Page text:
When it comes to the class of Asia, Japan takes the cool kid tile. Between Lost in Translation and Harashuku Girls, the rest of the Far East seems like Japan’s not so cool DDR-obsessed Hello Kitty-loving cousins.
While Taiwan’s twenty to thirtysomethings have yet to earn the pop culture status of Tokyo hipsters, its capital city of Taipei is nonetheless a hub of fashion, art, gastronomy and dynamic cosmopolitan living — one deserving of many thousands of Instagram photos.
In need of a vacation, and wanting to breathe in the effervescent life of a foreign metropolis, while still remaining a clipper hop away from the tranquility found in a small costal town, Taiwan rose to the top of the list for possible holiday destinations. (This is despite having just recently re-watched Kill Bill.)
For me, the decision was clenched by the island of Penghu’s pristine beaches — a speckling of Eden in the Pacific Ocean; for my boyfriend, it was the spectrum of culinary synthesis that saw Taipei at the epicurean centre between China and Japan.
For travelers like us, bored of sun holidays, and searching for respite from a hectic work routine with the added value of cultural payout, fight the urge to board a plane simply for the sake of an escape, and save your vacation days for a journey East. Once there, our Taiwan travel guide will walk you down Taipei’s bustling streets, and then sail you over to the peaceful sands southwest of the Taiwan Strait in Penghu.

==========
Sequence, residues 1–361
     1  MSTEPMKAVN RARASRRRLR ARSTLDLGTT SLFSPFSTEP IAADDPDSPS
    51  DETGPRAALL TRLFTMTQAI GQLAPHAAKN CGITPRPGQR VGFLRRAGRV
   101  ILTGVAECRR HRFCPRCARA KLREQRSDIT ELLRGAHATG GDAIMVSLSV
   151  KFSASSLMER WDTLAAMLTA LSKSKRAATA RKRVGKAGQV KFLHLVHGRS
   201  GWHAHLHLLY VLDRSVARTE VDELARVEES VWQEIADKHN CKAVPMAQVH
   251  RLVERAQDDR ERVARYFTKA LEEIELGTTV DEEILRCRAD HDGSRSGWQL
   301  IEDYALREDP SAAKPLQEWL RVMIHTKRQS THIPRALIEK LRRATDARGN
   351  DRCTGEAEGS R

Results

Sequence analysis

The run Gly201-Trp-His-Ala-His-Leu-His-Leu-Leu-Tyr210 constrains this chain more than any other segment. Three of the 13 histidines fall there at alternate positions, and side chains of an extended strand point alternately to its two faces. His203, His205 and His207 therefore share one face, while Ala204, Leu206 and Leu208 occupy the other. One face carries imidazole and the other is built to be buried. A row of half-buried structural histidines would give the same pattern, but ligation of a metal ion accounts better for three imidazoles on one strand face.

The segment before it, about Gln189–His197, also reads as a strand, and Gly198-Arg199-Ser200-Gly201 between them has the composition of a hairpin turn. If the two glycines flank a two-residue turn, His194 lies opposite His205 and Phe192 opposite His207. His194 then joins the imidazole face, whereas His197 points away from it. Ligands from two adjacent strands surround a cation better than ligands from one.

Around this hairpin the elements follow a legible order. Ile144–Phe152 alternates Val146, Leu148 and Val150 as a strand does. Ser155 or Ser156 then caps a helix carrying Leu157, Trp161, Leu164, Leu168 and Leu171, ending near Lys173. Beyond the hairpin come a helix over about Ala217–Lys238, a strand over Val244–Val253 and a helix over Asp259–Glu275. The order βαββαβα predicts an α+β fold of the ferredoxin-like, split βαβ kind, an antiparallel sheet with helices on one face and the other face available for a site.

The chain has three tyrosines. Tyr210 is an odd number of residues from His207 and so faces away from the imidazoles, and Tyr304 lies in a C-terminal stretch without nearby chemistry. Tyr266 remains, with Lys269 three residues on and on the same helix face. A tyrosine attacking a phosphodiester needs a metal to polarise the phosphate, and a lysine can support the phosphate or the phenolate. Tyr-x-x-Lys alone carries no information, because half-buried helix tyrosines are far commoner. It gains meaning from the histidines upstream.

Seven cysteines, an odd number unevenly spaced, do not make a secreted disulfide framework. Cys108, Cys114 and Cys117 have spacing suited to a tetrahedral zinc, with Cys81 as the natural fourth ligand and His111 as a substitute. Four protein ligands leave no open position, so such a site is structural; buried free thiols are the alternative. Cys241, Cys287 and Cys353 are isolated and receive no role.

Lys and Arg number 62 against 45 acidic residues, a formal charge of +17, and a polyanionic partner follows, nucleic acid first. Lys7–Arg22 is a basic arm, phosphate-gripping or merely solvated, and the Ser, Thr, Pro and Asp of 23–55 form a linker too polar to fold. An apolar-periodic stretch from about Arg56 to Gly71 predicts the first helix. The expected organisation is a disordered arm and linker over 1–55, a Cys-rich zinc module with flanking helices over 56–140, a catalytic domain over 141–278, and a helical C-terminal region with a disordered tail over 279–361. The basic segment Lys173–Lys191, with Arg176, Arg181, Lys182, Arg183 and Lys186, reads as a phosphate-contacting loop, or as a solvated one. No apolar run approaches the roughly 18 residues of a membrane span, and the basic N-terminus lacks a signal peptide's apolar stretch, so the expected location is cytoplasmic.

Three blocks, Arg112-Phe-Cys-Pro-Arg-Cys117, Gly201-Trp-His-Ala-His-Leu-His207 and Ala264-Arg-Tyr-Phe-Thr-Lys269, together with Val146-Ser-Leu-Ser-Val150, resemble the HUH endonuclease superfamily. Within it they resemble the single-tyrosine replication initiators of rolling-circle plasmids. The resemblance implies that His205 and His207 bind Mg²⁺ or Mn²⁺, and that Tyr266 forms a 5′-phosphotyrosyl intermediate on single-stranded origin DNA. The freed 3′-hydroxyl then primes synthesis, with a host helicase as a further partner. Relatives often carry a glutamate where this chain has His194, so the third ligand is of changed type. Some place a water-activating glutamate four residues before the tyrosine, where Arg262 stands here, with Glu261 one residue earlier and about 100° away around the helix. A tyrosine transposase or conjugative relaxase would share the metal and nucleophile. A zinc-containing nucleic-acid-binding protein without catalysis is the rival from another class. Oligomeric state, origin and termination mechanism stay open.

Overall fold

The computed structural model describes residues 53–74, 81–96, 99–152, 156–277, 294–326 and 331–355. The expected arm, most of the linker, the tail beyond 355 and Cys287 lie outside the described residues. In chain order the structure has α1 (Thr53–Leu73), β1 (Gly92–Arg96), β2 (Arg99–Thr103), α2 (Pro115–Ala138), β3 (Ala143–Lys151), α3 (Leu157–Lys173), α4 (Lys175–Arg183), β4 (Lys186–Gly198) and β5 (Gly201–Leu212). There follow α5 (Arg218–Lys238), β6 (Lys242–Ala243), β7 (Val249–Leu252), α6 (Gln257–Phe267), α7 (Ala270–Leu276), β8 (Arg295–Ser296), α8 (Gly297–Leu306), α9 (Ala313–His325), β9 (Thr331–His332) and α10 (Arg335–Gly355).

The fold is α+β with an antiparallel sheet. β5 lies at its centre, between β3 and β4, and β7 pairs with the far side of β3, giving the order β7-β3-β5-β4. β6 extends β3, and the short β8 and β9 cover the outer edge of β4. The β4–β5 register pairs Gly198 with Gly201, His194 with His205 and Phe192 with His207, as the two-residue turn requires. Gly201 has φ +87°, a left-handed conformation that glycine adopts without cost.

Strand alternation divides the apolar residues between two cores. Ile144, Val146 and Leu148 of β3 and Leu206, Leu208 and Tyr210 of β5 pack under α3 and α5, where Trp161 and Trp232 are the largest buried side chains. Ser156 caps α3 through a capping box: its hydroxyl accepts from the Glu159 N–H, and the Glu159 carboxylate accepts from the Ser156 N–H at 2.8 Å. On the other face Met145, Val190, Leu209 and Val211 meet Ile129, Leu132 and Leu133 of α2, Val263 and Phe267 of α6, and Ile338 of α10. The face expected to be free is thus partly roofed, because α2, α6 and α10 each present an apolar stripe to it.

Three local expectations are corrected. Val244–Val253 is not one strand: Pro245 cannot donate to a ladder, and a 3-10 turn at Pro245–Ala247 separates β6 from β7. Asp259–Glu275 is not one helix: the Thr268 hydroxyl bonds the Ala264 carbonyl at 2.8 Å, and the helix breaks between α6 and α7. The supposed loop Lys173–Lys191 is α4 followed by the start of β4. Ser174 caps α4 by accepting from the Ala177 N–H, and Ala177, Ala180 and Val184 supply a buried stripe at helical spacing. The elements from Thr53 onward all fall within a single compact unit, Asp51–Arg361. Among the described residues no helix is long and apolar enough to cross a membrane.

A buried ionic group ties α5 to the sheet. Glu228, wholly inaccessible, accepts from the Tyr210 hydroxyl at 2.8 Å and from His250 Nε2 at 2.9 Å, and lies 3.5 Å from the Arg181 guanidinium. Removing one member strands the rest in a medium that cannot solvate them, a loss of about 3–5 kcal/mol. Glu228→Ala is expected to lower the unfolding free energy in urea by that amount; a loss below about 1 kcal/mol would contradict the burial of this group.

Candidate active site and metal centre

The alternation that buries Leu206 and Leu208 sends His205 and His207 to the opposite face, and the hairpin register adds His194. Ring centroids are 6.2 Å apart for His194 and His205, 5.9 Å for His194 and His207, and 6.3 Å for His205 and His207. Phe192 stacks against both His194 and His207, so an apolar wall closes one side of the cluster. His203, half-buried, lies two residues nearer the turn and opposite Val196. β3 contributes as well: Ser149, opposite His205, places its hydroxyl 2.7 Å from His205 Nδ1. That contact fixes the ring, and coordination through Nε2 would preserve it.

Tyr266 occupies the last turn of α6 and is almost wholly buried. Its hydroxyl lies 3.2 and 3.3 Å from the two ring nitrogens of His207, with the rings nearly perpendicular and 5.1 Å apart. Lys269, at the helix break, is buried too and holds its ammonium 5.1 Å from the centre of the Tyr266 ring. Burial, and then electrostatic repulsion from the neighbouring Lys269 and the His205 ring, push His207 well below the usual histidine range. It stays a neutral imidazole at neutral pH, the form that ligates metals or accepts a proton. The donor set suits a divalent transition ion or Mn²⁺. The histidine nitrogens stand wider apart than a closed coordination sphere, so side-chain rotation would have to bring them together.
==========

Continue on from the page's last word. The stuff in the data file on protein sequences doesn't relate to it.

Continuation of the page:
How to Get There: Eva Air
The hours spent to and from a vacation often fall into the category of vacation lows. Bad food, stale air, and chatty close-talking neighbours can easily throw a wrench into one’s plans to veg out to in-flight entertainment.
While a talkative seatmate isn’t something airlines can control, everything in an airline’s control is upgraded and served to you with white gloves on board Eva Air.
Flying to and from Asia, Oceania, Europe and North America (Los Angeles, New York, San Francisco, Seattle, Toronto and Vancouver), if West to East (or vice versa) is where you’re heading, Eva Air is your ticket.
Once you have stretched out in the airline’s Elite Class — as we did this past trip —distain for your cramped subway ride to work is inevitable.
From the moment you mix your first celebratory cocktail in the Evergreen Lounge, to the second you recline your spacious seat, the coziness of the flying experience almost makes you forget that you’re not in your living room.